Biff America: The joke is on me
VAIL CO, Colorado
“That’s not funny!”
Those words and sentiment are part and parcel for anyone who has, over the years, made a living trying to be, if not funny, at least marginally entertaining.
The truth is funny is subjective – what’s amusing to some can be not funny, offensive, stupid, “I don’t get it” to others.
And when the person who doesn’t think you’re funny is carrying a gun and a club the stakes rise.
Depending who you ask, my entire family is funny. It is safe to say it was a humor born from dysfunction. There were nine of us, including parents and an elderly Grandmother, growing up in a three bedroom home with two toilets. Being the youngest I was on the receiving end of much of the humor; so I know first hand what some think is funny others might not.
When I was not yet 8, my sister Martha told our new dentist that my preferred nickname was “Bucky,” a name I actually hated because it was born from the fact I had buck teeth. When I arrived for my first visit, the dentist and hygienist greeted me with a “HIYA- BUCKY!!!” I assumed they noticed my overbite.
Another time, (perhaps age 10?) I seized the rare opportunity of an empty bathroom to take a bath. I was in there only a few minutes when my brother Mark came into the bathroom and told me that our Grandmother needed to use the toilet right away and that I should close the bath curtain to give her privacy. Next thing I heard was a walker sliding across the floor and a creak of the toilet seat. I tried not to listen but I then heard about 3 minutes of moans and groans and a loud thud and the walker crashing over as if someone had fallen.
I asked through the curtain if everything was alright. Hearing moans I pulled back the curtain expecting to see my dying Grand Mum only to find Mark and my sister Calista standing next to the toilet laughing. I didn’t think that was funny.
My sibling’s abuse of me continues to this day.
Last summer we were all attending a nieces wedding in Boston. I actually had to attend another wedding the next day on Cape Cod so I volunteered to be the designated driver chauffeuring sisters back to the hotel after the reception.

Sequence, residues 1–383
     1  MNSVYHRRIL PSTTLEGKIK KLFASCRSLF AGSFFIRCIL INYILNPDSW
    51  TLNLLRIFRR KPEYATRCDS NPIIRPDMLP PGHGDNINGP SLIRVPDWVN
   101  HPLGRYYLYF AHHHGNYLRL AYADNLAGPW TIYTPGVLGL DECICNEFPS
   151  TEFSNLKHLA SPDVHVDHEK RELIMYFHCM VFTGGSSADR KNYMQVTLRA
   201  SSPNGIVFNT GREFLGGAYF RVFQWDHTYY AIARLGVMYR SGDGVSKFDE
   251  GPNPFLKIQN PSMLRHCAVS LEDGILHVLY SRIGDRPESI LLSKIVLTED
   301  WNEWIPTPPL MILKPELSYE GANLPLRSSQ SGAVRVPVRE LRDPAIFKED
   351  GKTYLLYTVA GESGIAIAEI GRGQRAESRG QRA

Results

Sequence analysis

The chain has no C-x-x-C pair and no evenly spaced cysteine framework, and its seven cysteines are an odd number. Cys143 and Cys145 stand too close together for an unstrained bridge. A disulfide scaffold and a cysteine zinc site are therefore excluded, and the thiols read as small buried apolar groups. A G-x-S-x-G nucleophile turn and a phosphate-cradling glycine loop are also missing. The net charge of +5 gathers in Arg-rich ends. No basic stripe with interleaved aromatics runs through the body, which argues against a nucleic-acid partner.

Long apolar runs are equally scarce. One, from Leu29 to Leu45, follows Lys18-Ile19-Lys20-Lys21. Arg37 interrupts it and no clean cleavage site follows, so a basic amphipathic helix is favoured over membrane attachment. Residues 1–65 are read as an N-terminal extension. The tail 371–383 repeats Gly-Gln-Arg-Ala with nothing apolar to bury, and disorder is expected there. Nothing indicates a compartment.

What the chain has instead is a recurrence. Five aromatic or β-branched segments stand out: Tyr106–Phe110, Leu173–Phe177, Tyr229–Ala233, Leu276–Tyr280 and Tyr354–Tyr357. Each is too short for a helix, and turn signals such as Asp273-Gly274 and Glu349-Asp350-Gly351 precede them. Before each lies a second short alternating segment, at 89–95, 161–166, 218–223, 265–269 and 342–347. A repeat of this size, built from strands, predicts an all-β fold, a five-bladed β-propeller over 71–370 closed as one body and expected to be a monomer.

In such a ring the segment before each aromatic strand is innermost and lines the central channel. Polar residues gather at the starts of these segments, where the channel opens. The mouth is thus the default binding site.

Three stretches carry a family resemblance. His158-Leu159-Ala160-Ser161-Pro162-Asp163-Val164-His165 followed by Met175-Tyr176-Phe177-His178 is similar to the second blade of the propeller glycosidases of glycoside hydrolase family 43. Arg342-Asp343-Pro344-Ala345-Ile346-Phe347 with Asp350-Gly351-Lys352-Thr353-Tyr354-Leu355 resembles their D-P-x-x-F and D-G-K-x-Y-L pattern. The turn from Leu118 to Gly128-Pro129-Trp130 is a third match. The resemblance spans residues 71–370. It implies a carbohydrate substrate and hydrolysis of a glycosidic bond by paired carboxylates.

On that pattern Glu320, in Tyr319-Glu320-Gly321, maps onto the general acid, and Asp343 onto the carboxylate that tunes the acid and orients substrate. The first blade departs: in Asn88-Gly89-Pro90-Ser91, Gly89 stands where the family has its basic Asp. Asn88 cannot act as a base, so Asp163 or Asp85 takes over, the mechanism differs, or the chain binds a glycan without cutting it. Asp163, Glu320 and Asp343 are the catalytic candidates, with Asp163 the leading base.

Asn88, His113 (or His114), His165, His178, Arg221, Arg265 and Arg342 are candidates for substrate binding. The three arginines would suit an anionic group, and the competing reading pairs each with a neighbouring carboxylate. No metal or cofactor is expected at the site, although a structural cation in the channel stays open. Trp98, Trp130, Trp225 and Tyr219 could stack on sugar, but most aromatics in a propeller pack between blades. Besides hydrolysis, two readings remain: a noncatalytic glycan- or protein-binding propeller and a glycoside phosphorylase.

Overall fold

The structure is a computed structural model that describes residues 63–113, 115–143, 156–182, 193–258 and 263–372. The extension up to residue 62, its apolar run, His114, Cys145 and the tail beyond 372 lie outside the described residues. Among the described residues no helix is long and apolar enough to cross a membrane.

Not being used to the area I got terribly lost. I had rented a Lincoln Town car and my sisters insisted on sitting in the back seat giving them a comfortable place to badger me while I struggled with Boston traffic.
Being lost and unsure of my surroundings, I drove the speed limit which seemed to be about 15 mph slower than everyone who was passing me and blaring their horns.
“Hey Bucky, could you speed it up to 30 mph, you just got passed by homeless guy pushing a shopping cart.”
With my tipsy sisters, shrieking in the back and the countless cars passing and honking as I looked for the hotel I was distracted.
That was when I took a corner too wide and cut of a Massachusetts State Trooper on a motorcycle.
“Hey Bucky, you just ran a cop off the road.” Martha said, “He is turning around, I think you can out run him; floor it.”
I looked in my rear view mirror and cop had turned around and put his lights on; to my sister’s delight, he pulled behind me and used his siren.
When I finally found a wide spot in the road I pulled off and put on my flashers.
It was then that my sisters opened up their doors and ran back to the cop screaming, “Arrest him he is a menace and has teeth like a beaver.”
The cop yelled at my sisters to get back in the car.
When he approached my vehicle, before he could say anything Martha asked, “Are you stopping him because he was driving too slow or were you the guy wearing the funny pants he ran off the road.” (Mass State Cops wear jodhpur pants tucked into high boots.)
Both the cop and I tried to ignore my sisters while I provided the required paperwork.
This was easier said than done when Martha again interrupted by saying, “We’re his sisters so if you want to strip search him that’s OK, he might enjoy it.”
After checking all me for priors and warrants the cop asked me to step out of the car. I did so with my sisters laughing in the background.
I walked to his Motor cycle with him and he said, “I’m going to let you go with a warning” he handed me the citation and added; tell your sisters, that I don’t think they’re funny.”
Who was I to argue?
Jeffrey Bergeron, under the alias of Biff America, can be seen on TV-8-Summit and read in several newspapers and magazines. He can be reached at email@example.com.
Biff’s book “Steep, Deep and Dyslexic” is available from local book stores or at BiffAmerica.net
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